Several dead in clashes between Libyan security forces in Tripoli

Government and military prosecutors will conduct an investigation into rival fighting in the country’s capital.

Intense clashes have erupted between rival factions in the Libyan capital, Tripoli, with reports of several people killed amid growing concern that a political standoff could prompt renewed conflict.

Clashes occurred early on Friday in the central district near the Radisson Blu hotel, an area where several government and international agencies and diplomatic missions are based, with military vehicles mobilised around Zawiyat al-Dahmani.

Fighting had taken place on Thursday night in the Ain Zara region of the city between units of the Presidential Council’s security force and the Special Deterrence Force, or RADA.

Tripoli residents said a man and a child had been killed in that fighting. Local news reports, citing medical sources, later said that five people had been killed.

Osama Ali, a spokesman for Libya’s Ambulance and Emergency Services, said on Friday that casualty figures could rise as reports come in from other hospitals in the area.

The Libyan military’s 444 Brigade intervened to stop the fighting and took up positions in several areas where the clashes took place, according to an Anadolu Agency reporter.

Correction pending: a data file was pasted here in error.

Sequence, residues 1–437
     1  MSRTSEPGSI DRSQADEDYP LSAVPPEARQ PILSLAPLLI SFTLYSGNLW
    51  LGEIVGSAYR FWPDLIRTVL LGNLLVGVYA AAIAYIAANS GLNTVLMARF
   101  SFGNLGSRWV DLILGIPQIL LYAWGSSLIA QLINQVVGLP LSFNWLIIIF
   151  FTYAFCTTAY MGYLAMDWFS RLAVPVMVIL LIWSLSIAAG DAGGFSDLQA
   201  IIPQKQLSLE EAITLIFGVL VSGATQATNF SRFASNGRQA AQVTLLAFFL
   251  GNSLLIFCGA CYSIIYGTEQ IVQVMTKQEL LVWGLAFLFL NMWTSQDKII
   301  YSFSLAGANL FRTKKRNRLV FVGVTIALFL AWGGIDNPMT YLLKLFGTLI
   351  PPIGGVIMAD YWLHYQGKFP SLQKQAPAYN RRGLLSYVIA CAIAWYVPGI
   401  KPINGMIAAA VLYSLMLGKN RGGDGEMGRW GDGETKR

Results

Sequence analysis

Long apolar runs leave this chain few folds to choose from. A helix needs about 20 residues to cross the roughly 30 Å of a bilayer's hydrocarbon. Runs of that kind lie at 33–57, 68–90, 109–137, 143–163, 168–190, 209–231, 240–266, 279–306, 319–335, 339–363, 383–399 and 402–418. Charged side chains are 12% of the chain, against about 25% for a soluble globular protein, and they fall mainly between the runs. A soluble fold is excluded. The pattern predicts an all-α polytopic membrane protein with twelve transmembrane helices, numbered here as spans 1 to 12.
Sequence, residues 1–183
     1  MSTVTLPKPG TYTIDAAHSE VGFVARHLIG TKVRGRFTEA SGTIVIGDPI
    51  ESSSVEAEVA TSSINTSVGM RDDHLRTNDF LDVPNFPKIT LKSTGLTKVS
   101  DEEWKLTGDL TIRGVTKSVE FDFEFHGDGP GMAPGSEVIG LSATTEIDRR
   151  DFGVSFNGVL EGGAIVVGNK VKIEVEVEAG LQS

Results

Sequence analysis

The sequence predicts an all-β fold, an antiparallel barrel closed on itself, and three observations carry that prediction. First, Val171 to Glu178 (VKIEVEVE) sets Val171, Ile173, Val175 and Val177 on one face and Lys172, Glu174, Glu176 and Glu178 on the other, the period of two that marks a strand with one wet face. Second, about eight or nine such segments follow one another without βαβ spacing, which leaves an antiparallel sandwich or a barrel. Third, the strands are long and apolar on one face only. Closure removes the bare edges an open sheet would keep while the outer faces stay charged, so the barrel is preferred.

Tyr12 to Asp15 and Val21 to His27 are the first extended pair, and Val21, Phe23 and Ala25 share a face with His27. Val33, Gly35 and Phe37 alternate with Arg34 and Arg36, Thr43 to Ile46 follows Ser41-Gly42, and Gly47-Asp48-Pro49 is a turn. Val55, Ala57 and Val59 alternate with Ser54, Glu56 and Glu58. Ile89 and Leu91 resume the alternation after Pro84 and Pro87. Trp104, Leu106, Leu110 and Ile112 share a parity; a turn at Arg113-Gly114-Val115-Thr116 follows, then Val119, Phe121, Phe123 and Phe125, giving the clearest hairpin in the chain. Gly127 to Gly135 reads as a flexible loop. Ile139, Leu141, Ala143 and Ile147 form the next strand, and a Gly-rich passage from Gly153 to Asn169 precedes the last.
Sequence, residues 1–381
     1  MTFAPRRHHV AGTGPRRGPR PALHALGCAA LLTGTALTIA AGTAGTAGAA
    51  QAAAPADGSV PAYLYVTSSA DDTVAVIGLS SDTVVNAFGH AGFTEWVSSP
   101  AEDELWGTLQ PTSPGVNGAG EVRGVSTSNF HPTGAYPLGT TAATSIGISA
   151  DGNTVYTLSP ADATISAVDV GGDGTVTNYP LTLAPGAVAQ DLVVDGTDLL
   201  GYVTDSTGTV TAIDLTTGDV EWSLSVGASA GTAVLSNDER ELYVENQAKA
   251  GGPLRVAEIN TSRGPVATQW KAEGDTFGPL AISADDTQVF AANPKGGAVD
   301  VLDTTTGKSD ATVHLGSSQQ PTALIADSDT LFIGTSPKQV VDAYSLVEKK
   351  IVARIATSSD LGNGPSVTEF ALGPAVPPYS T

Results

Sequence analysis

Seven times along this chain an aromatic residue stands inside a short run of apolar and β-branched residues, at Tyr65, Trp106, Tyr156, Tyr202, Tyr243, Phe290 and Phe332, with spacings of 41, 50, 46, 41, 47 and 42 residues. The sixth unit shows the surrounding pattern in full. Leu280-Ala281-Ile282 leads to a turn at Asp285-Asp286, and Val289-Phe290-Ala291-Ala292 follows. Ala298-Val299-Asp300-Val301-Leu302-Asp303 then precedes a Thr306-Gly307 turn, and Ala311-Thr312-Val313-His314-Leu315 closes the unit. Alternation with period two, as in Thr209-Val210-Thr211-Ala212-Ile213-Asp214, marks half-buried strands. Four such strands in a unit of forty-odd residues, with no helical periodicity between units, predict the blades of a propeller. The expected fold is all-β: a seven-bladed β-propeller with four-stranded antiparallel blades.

A Presidential Council statement called on both sides to cease hostilities, adding that government and military prosecutors will conduct investigations.

Last month, clashes between two influential militias aligned with rival prime ministers vying for power rocked Tripoli, injuring several people in the process.

Worsening situation

Oil-rich Libya has remained in turmoil since 2011 when longtime ruler Muammar Gaddafi was overthrown after four decades in power.

The situation has worsened since March when the eastern Tobruk-based House of Representatives appointed a new government led by former interior minister Fathi Bashagha.

Abdul Hamid Dbeibeh, leader of the Tripoli-based national unity government that is backed by the United Nations, insists he will only cede authority to a government that comes through an “elected parliament,” raising fears that Libya could slip back into a civil war.

Both prime ministers have support from among the armed factions that control territory in the capital and other western Libyan cities.

Over recent weeks, political shifts have pointed to a possible realignment among power brokers and armed factions that could prompt renewed fighting.

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